Five things for pharma marketers to know: Wednesday, April 15


An FDA advisory panel voted that the label for AstraZeneca's DPP-IV inhibitor Onglyza should reflect heart failure concerns, Medpage Today reported. But panel members noted that the risk may not apply to all Onglyza patients because the clinical trial they examined focused on patients who had a high risk of heart disease.

A government watchdog is examining how much Medicaid is paying for generic drugs. The Department of Health and Human Services' Office of the Inspector General will review price increases from 2005 to 2014 to assess how price hikes compared to the rate of inflation, The Wall Street Journal reported. The Journal noted that lawmakers in the House and Senate have already proposed bills that would require generic drug manufacturers to increase Medicaid rebates when drug prices grow faster than inflation.

Santhera Pharmaceuticals may take on full marketing responsibilities for its Duchenne muscular dystrophy drug, Catena, in the US. The benefits include longer patent protection and the opportunity to hold on to more revenue, reported Bloomberg News, which noted Santhera has already identified the 20 to 30 hospitals it would target for marketing its rare-disease drug. Santhera told investors it continues to work on its FDA review application.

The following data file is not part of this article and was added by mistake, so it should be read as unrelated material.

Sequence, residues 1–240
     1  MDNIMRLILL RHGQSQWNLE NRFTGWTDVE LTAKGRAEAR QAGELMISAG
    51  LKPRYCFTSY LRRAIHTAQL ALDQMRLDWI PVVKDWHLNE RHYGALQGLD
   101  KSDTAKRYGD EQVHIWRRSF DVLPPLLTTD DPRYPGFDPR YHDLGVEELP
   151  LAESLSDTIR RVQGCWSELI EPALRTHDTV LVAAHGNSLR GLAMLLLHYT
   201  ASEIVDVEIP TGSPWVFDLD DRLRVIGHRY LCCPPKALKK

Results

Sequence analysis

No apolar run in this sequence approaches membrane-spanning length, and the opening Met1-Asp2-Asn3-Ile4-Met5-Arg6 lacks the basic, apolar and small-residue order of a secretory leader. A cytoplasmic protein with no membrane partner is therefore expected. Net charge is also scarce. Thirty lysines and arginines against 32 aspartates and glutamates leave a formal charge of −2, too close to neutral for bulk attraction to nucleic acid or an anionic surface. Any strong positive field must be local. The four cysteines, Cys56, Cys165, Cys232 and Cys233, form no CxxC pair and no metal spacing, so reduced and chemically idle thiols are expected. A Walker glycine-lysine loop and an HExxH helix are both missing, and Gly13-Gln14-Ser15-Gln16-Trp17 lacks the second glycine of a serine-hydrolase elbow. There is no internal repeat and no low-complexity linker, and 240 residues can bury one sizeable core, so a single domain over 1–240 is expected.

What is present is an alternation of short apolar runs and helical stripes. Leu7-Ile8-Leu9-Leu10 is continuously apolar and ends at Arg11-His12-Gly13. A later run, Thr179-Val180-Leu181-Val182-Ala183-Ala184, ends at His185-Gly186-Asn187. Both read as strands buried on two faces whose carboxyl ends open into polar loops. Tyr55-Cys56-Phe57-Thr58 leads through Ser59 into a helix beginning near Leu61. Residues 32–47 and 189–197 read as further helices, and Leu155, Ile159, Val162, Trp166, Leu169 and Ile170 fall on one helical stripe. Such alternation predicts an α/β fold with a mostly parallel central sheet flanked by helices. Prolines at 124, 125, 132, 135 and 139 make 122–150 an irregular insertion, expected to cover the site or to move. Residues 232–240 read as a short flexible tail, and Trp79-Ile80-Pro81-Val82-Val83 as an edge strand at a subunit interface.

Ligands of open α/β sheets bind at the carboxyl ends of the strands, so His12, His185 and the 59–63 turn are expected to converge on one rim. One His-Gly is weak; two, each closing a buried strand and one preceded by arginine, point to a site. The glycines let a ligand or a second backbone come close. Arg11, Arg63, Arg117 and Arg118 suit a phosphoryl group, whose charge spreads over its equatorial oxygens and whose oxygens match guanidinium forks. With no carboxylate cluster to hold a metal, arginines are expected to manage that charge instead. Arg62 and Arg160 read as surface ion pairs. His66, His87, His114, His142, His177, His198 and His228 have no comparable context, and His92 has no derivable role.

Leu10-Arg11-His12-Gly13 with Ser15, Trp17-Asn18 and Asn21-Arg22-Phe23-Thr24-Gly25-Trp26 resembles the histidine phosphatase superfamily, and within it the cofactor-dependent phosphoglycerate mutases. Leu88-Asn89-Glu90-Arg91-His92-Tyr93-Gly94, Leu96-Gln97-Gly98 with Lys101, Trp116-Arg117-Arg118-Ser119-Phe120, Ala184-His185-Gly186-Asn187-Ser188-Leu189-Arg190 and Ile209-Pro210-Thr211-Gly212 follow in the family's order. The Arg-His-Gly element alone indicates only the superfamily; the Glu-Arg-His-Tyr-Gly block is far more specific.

AstraZeneca's tremelimumab landed orphan-drug status. The experimental treatment is for malignant mesothelioma, a rare cancer, Reuters reported. AstraZeneca expects to submit the drug for FDA review next year.

Abbott said its new over-the-counter glucose monitor will help patients avoid co-pays. The company said that the new FreeStyle Precision Neo Blood Glucose Monitoring System will cost $22 to $28, and a pack of glucose testing strips will cost between $14 and $17.